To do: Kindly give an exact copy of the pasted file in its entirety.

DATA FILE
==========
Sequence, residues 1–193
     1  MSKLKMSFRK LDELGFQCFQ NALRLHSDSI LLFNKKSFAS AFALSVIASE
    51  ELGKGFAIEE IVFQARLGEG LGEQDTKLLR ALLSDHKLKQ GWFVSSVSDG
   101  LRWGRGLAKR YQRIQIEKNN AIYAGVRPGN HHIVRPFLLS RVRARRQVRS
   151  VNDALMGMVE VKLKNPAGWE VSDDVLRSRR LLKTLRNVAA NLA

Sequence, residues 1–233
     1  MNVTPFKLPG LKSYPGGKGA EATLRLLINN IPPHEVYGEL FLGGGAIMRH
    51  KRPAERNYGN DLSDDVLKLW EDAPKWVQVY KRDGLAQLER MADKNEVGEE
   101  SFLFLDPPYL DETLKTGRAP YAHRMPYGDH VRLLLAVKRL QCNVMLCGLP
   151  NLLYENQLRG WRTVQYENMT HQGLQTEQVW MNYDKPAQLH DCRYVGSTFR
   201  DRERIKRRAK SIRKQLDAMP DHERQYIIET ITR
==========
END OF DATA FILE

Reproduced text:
Sequence, residues 1–193
     1  MSKLKMSFRK LDELGFQCFQ NALRLHSDSI LLFNKKSFAS AFALSVIASE
    51  ELGKGFAIEE IVFQARLGEG LGEQDTKLLR ALLSDHKLKQ GWFVSSVSDG
   101  LRWGRGLAKR YQRIQIEKNN AIYAGVRPGN HHIVRPFLLS RVRARRQVRS
   151  VNDALMGMVE VKLKNPAGWE VSDDVLRSRR LLKTLRNVAA NLA

Sequence, residues 1–233
     1  MNVTPFKLPG LKSYPGGKGA EATLRLLINN IPPHEVYGEL FLGGGAIMRH
    51  KRPAERNYGN DLSDDVLKLW EDAPKWVQVY KRDGLAQLER MADKNEVGEE
   101  SFLFLDPPYL DETLKTGRAP YAHRMPYGDH VRLLLAVKRL QCNVMLCGLP
   151  NLLYENQLRG WRTVQYENMT HQGLQTEQVW MNYDKPAQLH DCRYVGSTFR
   201  DRERIKRRAK SIRKQLDAMP DHERQYIIET ITR